Landmine-sniffing ‘hero rat’ dies – Action News Now

Rodent’s bravery has led to the discovery of more than a hundred explosives and the clearing of 225,000 square meters of land in Cambodia


A giant African kangaroo named Magawa was awarded a medal for discovering 78 landmines and 38 pieces of unexploded ordnance in Cambodia at the age of 8.

The news was shared earlier this week by APOPO, a demining NGO that trains mice to detect landmines.


“Magawa was in good shape and played as enthusiastically as usual for most of the last week, but at the weekend he started to slow down, nap more and show less interest in food in the final days,” he said. it said, adding that the creature had “Died peacefully.”

This “Hero Rat” Already done “incredible work” Over the years, this has helped “Communities in Cambodia can live, work and play without fear of losing life or limb,” Apopo pointed out.


In 2020, this work saw Magawa receive a gold medal from UK veterinary charity The People’s Sick Animal Pharmacy. This is the highest award for heroism an animal can receive.

The legendary rat was born in 2013 at the Sokoyne Agricultural University in Tanzania, where APOPO has a training center. There, Magawa was taught to detect mines by the smell of chemicals present in them.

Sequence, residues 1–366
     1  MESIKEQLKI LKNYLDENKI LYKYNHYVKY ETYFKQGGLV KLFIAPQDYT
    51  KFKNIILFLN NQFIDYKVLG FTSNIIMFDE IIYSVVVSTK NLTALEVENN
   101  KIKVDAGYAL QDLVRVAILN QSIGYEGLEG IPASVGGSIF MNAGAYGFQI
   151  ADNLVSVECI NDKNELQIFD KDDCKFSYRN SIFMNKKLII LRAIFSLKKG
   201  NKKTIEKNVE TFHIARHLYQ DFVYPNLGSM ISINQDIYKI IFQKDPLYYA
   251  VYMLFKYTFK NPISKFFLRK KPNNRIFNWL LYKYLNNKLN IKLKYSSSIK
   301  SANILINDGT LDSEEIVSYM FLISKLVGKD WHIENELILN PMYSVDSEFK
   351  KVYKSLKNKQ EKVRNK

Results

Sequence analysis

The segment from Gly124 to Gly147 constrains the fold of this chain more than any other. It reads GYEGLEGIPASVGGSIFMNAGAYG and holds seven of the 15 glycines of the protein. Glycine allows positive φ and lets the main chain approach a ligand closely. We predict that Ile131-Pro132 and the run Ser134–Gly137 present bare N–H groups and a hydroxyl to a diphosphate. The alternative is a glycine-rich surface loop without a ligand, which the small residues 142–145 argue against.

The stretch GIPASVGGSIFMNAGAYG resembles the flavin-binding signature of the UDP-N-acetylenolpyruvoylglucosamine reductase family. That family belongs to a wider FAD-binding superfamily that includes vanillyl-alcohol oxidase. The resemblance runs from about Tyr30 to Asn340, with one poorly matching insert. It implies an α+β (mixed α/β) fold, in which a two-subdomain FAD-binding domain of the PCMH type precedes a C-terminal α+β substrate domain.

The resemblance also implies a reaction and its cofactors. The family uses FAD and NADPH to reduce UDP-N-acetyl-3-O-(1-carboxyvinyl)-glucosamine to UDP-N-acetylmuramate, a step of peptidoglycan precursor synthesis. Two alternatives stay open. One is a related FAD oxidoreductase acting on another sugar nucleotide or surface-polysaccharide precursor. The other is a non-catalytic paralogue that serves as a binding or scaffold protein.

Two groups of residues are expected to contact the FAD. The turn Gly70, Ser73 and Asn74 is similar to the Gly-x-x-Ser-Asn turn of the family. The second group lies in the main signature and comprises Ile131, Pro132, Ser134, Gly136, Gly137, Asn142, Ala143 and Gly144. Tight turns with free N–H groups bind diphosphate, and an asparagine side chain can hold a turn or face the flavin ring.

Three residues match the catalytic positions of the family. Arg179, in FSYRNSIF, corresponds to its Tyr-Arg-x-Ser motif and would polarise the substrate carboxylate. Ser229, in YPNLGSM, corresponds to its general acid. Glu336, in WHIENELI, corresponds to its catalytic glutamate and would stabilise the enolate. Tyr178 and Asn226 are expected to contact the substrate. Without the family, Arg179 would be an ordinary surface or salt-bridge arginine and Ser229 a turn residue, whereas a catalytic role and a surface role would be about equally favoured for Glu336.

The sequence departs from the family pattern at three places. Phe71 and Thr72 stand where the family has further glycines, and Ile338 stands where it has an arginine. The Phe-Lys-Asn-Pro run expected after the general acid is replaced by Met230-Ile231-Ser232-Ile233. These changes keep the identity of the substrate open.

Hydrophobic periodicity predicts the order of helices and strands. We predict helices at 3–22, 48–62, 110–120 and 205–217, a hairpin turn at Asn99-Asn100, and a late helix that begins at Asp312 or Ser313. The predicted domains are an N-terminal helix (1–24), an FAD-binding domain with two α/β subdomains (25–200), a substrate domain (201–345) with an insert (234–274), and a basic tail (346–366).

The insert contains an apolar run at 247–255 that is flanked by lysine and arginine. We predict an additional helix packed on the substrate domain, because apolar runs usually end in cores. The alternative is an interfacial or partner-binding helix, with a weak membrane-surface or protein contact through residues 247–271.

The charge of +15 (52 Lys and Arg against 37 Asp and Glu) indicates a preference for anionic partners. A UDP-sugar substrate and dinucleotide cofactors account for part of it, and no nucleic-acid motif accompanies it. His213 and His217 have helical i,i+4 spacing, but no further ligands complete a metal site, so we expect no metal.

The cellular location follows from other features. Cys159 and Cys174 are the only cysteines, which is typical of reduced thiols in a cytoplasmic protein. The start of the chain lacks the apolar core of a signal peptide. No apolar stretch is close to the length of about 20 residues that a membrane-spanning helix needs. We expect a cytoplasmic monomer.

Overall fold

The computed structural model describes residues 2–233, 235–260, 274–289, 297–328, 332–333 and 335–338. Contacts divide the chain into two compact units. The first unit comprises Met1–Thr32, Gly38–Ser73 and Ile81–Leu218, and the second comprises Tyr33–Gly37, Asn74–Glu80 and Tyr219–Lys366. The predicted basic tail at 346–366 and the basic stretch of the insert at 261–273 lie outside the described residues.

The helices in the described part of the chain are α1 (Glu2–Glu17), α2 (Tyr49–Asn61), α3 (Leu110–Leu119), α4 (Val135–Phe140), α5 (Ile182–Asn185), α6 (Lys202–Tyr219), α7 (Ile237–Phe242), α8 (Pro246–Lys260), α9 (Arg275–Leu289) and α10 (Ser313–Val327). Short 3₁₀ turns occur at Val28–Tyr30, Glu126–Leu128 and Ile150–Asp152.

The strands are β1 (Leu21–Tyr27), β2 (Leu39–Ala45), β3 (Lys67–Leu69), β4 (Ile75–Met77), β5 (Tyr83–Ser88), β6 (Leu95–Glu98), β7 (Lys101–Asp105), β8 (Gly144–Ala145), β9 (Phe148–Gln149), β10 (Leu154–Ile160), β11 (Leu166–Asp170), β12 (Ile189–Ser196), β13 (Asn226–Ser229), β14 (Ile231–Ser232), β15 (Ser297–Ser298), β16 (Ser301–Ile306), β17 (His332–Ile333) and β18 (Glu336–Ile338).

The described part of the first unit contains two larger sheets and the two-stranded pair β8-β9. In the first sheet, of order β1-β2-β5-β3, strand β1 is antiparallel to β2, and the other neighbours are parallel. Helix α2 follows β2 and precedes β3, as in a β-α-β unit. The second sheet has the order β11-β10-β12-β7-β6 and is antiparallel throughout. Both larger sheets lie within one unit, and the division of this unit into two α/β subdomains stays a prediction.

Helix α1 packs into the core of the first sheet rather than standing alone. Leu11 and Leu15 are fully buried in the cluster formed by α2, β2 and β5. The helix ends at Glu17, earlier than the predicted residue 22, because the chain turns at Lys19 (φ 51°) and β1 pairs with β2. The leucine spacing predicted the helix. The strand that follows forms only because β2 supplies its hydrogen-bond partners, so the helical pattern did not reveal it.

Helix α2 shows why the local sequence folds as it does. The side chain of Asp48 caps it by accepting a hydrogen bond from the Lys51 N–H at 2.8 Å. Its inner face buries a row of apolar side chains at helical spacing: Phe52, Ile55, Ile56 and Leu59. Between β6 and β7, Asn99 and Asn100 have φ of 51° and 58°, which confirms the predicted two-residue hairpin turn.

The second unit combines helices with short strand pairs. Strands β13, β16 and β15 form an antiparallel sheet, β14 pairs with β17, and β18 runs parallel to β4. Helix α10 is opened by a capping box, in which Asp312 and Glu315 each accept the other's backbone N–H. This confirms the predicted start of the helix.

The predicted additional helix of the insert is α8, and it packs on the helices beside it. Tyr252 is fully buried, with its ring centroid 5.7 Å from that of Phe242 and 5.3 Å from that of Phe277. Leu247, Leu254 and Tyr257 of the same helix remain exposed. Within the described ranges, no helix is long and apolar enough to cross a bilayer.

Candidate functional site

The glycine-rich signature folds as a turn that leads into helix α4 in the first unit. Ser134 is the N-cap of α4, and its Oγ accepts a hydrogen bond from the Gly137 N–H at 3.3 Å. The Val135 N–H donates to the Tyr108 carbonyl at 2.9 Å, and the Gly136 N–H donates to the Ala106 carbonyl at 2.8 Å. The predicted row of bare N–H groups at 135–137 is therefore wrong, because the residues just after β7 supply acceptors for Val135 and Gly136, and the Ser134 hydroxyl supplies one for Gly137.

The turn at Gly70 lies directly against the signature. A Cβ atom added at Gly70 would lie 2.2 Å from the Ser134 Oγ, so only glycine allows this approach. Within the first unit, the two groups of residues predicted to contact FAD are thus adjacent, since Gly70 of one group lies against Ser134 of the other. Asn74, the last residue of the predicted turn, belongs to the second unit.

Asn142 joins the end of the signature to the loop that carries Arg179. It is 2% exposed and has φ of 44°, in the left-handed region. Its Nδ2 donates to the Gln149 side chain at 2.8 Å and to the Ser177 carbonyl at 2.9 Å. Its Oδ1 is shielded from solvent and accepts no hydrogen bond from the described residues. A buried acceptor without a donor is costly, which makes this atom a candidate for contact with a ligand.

At the age of three, the rodent was sent to Cambodia, which is still riddled with landmines after years of internal and external conflict from 1975 to 1988. Buried explosives have injured tens of thousands and greatly limited the amount of land available.

Magawa’s managers have consistently praised his extraordinary stamina, which allows him to cover an area larger than his mine-detecting mice each day.


During his career, he discovered more than a hundred explosives, which resulted in the declaration of 225,000 square meters of land mine-free. The star of many news stories over the years, he retired from active duty last June.

African giant kangaroos have become perfect mine detectors, as they make up for their poor eyesight with their excellent sense of smell and memory. Not only are they less expensive to train than service dogs, but they weigh between 1.0 and 1.4kg and are so lightweight that they won’t detonate a mine when stepped on them.

They can search an area the size of a tennis court in 30 minutes, while people using metal detectors often take days to do the same job.

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